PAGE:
The City Girl's Garden
We can't boast about having green thumbs, though Jacklyn is a pro when it comes to reviving hydrangeas. But having a garden is something Stephanie always dreamt of as a child. Each spring she would eagerly buy seeds from White Rose only to drown them in water or dry them out in the sun. After living in a loft and moving into her new home with a small patch of grass in the back (builders call this a backyard apparently), she was excited to give this garden idea another shot. And then she found the perfect solution, these adorable vegetable garden kits by SF Organics Canada from Toronto. Each kit contains a planter, soil pellets and seeds provided by local Canadian farmers. Love! It's a no fuss garden that allows you to enjoy all natural vegetables all year long. And the kits range from flowers, and herbs to fruit and vegetables. Stephanie picked up the onion, green beans, asparagus, yellow and green pepper kits. Plus watermelon and cantaloupe for the summer and pumpkin for the fall.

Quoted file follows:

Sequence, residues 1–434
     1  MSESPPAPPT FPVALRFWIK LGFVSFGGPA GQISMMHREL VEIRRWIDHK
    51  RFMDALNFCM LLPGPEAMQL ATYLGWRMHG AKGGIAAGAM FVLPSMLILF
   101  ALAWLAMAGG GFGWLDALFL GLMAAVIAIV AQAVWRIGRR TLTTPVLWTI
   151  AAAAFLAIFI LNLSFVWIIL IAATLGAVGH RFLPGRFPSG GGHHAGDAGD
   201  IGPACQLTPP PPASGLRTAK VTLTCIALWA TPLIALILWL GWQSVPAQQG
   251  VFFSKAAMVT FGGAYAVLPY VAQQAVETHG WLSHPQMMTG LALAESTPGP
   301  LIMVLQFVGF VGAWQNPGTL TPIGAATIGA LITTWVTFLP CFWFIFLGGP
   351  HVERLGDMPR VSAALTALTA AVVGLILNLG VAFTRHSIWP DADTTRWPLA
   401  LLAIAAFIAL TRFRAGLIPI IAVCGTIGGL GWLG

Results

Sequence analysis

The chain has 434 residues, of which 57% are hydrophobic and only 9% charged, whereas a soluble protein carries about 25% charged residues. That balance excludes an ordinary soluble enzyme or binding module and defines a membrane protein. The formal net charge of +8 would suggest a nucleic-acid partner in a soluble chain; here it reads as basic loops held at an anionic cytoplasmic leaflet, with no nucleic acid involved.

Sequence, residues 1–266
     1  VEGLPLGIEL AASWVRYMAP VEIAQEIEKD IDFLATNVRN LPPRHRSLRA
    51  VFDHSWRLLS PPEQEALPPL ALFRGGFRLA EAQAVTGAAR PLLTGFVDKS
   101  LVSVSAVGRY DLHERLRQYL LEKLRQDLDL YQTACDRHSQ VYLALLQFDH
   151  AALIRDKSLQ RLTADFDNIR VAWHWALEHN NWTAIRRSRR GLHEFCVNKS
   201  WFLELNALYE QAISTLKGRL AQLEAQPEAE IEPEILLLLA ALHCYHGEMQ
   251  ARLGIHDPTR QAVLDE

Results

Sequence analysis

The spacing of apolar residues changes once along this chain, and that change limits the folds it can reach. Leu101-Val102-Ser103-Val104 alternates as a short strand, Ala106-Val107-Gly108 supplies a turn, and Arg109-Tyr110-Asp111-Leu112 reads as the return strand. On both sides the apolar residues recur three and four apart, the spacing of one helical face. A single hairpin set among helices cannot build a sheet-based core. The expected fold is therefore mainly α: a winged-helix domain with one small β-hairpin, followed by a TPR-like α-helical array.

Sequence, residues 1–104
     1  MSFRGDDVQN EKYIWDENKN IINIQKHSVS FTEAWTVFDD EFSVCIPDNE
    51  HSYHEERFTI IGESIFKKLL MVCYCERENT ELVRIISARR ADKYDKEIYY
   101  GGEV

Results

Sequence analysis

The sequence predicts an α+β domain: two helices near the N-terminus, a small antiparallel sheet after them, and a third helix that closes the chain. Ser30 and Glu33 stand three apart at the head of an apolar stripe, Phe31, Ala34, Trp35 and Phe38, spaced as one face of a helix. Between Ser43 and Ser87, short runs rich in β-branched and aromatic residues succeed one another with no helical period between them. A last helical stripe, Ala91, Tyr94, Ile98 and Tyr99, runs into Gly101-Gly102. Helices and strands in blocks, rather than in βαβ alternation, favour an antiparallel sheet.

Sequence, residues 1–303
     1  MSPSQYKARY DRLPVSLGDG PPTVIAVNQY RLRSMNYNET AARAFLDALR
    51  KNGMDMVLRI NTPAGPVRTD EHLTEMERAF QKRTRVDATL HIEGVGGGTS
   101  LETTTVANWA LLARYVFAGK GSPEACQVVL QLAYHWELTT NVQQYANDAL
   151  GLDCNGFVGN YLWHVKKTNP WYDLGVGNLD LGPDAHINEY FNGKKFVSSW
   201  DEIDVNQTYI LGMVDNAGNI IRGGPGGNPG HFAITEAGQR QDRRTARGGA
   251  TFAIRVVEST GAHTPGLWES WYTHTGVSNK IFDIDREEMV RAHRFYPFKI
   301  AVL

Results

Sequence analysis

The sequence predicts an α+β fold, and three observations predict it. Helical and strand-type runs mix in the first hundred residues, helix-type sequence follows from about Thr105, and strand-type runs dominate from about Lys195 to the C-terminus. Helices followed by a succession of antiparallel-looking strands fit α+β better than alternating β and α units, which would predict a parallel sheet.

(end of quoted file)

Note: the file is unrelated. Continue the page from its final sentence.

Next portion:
The packaging is so incredibly beautiful that Stephanie was sold the minute she spotted them. But even better is that they are FSC packages, printed and made to high environmental standards. And the planters are even biodegradable. We love that the company is environmentally responsible through and through.
In each kit, there is a terra cotta planter, soil pellets and a packet of seeds with planting instructions. No gardening gloves or shovel required!
The soil pellets in the kit are a nutrient rich soil mix that has been compressed. By simply moistening them with warm water, the pellets expand to fill the terra cotta planter. And they smell so earthy and fresh.
After fluffing up the soil with a fork, you simply make a hole in the soil three times the depth of the seeds, drop the seeds in and cover with the soil.
The final step is to place the identifying pick in the planter, place the planters near a window for natural sunlight and water daily. The whole process is simply and easy as 1, 2, 3. And if you have any questions, there's tips from a horticulturalist on their website. The plants take a week to two weeks to sprout, so we'll keep you posted on their growth!